HOV Expressway and regional buses
Coordinating with the State Department of Transportation's already-funded continuous HOV lanes, the plan has more than 100 miles of HOV Expressway as wall as RTA direct-access ramps to "make it easier and safer for transit and carpools to reach and use ... eliminating the need to weave through several lanes of traffic to reach the HOV lanes."
Taking advantage of the expressway, the RTA board says, approximately 20 new regional express bus routes will free up 300,000 hours of existing local bus service to be used for other local needs.
Commuter Rail and Electric Light Rail
Scaled back from last year's rail focus, the 81-mile commuter rail will offer rush-hour train service on existing tracks between Everett, Seattle, Tacoma, and Lakewood. The commuter rail will share several stations with Amtrak, creating opportunities for interstate and local connections.
The light-rail system comprises 25-miles of starter rail with 26 stations within "walking distance of major destinations, as well as connections to local and regional bus service." The electric light-rail will take advantage of the downtown Seattle bus tunnels, which were designed to accommodate rail.
Where the money is coming from
The RTA plan assumes no state funds or increases in property taxes, but uses local revenues, municipal bonds, federal grants, and the farebox.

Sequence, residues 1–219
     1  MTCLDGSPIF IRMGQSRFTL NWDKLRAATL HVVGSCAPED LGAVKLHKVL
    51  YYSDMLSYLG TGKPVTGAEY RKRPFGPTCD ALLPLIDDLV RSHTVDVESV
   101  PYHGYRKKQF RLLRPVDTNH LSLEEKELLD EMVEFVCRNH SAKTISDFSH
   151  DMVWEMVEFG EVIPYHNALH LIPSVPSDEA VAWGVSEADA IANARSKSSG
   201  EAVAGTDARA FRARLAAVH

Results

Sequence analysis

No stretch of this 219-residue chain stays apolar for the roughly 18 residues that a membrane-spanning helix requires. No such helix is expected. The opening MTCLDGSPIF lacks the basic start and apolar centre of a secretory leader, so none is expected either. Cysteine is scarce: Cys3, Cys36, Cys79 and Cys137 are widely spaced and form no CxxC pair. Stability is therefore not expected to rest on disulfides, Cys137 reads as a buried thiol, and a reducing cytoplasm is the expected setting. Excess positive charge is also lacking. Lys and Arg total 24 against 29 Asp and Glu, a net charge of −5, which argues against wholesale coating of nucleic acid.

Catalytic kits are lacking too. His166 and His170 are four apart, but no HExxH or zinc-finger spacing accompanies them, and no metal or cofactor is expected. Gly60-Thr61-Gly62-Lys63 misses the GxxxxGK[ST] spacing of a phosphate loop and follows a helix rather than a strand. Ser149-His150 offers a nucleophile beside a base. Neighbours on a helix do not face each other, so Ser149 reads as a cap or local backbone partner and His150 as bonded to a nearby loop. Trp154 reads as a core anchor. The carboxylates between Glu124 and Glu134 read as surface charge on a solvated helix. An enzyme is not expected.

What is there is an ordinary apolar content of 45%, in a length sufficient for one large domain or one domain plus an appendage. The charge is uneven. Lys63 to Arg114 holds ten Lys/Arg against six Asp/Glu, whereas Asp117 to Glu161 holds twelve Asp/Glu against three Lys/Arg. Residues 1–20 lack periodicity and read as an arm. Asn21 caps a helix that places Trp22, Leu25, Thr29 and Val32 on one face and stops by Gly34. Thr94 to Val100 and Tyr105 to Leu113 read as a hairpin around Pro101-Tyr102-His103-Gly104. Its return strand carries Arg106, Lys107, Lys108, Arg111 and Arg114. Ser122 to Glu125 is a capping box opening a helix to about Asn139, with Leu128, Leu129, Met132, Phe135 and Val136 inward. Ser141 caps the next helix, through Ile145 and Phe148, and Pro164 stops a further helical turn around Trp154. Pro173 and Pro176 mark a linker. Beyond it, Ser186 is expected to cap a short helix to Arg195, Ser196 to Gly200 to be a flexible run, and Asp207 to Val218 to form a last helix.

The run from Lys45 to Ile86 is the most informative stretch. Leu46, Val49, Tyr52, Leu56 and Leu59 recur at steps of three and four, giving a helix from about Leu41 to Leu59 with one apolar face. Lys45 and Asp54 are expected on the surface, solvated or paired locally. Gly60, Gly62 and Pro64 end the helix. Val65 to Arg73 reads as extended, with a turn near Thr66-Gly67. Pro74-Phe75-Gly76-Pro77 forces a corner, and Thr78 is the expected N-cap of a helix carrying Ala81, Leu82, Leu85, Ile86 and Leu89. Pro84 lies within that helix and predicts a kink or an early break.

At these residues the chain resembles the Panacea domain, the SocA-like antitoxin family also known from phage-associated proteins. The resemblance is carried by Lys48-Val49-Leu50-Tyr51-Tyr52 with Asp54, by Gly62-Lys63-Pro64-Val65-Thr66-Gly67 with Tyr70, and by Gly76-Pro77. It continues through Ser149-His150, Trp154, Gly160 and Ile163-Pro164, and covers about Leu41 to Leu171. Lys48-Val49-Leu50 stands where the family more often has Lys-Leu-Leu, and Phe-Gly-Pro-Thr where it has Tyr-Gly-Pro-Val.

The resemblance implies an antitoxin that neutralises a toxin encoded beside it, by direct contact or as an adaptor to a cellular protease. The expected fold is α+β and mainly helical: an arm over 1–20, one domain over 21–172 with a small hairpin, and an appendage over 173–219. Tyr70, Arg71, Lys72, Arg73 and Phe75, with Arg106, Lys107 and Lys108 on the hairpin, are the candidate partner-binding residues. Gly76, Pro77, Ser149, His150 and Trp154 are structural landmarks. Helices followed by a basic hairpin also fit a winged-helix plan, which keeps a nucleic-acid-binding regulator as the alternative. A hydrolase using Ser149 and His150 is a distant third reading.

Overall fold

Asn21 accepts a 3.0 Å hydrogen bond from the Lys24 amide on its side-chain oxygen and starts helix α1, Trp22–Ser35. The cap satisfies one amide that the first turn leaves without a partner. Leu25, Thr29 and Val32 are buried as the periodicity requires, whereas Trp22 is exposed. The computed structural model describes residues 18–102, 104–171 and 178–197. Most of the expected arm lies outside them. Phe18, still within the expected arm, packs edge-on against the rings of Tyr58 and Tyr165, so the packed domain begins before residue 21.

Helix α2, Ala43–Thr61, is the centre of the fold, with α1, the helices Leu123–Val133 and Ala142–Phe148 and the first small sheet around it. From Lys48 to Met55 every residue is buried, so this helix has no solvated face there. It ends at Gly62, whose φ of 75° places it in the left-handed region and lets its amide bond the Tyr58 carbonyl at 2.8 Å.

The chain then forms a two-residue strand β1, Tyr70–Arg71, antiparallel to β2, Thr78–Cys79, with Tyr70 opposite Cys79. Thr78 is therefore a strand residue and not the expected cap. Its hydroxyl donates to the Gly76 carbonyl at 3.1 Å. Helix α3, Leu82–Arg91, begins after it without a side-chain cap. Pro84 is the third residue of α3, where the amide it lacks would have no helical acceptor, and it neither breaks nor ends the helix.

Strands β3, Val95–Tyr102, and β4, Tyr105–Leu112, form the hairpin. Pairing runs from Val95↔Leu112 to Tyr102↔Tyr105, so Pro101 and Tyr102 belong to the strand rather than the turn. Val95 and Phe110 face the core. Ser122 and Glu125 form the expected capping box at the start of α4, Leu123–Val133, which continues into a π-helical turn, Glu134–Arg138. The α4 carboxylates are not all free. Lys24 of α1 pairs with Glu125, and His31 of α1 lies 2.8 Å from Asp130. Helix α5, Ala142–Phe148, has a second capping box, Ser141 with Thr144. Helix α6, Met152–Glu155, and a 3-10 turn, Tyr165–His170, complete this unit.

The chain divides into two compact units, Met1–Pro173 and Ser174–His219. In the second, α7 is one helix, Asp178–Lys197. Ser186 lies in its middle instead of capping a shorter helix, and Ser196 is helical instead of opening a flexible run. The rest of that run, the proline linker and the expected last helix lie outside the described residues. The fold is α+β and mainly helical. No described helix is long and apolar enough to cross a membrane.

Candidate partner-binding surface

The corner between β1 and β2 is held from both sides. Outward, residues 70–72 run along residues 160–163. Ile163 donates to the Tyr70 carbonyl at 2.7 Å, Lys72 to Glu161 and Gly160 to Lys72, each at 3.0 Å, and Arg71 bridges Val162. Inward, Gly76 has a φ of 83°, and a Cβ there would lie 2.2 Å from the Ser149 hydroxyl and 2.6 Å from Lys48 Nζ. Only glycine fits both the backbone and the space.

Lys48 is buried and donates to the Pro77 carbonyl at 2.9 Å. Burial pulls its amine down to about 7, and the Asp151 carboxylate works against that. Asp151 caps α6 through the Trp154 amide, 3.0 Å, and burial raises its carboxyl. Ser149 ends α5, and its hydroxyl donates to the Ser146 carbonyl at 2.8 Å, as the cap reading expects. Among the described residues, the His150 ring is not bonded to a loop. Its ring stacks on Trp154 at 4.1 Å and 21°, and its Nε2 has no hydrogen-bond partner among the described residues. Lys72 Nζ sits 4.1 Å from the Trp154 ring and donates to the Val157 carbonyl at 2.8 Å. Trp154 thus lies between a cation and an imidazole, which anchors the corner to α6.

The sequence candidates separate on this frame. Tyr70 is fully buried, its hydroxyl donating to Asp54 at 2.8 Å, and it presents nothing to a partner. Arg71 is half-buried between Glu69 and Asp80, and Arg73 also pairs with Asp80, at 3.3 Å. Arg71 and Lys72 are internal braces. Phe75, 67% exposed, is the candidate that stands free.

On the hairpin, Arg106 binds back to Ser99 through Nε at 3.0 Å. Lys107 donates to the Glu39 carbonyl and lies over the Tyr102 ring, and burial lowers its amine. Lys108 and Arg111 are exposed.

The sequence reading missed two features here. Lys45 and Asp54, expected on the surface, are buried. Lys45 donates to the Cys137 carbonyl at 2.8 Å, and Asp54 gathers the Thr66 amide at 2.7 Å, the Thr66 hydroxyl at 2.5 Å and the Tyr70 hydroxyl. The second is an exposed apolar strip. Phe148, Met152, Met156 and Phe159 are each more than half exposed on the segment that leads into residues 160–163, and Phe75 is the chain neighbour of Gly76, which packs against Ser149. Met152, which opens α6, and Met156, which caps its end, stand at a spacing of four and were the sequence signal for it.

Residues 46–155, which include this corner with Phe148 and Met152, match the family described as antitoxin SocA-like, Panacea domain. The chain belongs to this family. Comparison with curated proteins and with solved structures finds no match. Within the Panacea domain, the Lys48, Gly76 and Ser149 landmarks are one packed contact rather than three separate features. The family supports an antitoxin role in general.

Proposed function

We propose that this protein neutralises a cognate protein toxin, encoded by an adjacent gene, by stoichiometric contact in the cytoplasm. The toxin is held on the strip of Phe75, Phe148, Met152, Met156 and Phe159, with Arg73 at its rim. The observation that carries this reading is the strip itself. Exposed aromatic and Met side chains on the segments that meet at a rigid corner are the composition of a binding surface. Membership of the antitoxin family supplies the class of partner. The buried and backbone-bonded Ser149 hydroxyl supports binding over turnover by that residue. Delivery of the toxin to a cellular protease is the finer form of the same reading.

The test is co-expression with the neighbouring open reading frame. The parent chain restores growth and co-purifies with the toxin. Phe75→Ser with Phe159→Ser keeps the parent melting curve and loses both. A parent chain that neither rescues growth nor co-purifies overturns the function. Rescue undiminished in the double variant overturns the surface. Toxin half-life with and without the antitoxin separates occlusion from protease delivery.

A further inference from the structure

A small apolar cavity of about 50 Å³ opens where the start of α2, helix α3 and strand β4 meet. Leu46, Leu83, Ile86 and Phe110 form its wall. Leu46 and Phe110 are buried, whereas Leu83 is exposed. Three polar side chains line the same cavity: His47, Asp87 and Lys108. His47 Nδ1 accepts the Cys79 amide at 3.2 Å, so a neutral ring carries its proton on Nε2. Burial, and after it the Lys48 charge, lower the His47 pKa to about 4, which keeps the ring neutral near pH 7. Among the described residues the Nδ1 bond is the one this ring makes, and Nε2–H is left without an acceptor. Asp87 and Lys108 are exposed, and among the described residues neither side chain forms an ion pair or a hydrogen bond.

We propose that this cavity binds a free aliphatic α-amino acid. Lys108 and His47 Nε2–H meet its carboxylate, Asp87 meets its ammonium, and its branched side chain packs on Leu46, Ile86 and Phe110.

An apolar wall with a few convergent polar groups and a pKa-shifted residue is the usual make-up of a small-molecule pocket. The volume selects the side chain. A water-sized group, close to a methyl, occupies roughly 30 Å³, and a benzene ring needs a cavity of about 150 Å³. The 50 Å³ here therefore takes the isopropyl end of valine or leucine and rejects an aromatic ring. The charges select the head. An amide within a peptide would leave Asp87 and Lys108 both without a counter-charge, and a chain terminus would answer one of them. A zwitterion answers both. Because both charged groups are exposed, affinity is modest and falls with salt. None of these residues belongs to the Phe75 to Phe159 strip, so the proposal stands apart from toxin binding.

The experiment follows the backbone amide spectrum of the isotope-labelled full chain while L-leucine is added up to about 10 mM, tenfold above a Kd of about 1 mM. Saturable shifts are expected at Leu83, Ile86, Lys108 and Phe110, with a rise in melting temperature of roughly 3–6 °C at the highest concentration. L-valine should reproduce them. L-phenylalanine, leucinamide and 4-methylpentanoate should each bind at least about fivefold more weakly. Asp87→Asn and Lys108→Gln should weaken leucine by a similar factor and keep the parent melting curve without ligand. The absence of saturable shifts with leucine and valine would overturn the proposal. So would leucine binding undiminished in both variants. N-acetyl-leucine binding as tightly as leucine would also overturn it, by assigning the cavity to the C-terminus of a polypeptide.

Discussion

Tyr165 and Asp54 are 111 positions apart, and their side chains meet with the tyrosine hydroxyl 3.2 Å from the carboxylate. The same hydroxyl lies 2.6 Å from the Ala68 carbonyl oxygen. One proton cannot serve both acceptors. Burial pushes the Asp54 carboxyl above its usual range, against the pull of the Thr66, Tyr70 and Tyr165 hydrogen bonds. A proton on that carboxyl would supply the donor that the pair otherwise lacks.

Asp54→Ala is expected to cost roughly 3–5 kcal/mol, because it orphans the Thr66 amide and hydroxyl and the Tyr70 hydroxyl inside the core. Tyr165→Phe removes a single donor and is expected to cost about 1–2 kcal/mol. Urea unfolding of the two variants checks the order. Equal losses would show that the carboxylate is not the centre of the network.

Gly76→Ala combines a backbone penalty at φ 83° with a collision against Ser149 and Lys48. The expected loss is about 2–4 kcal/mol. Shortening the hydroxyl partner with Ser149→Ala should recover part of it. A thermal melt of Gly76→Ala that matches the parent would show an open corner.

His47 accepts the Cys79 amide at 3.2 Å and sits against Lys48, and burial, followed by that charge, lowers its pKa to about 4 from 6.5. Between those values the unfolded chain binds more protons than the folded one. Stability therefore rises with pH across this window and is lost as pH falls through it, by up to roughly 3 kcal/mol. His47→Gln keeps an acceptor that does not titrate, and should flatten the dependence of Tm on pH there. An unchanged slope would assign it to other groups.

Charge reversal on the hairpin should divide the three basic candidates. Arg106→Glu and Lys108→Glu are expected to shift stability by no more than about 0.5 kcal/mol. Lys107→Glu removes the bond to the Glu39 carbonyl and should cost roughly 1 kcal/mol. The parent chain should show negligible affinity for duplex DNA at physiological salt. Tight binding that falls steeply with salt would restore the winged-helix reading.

Local revenues include a local sales tax increase not to exceed .04 percent and a motor vehicle excise tax/license tab increase of .03 percent.
Just over half (50.6 percent) of the revenues will come from local sales tax and motor vehicle excise tax increases, producing $1.98 billion; 27 percent will come from bonds ($1.05 billion); 18.6 percent from federal grants ($727 million); and 4 percent from fares and other sources ($155 million).
Where the money is going
According to the RTA's financial policies for the plan, local taxes will be invested to benefit the subarea where they are raised; there will be limited borrowing; and the RTA will hire independent auditors and appoint a citizen oversight committee to make sure the agency is held accountable. Also, voter approval is required for any capital investments beyond the 10-year plan.
"If voters decide not to extend the system, the RTA will roll back the tax rate to a level sufficient to pay off the bonds (27 percent, or $1.052 billion) and operate and maintain Sound Move investments," the plan says.
Those "investments" include operation and maintenance of the plan if approved, as well as bonding to pay for the long-term capital investments.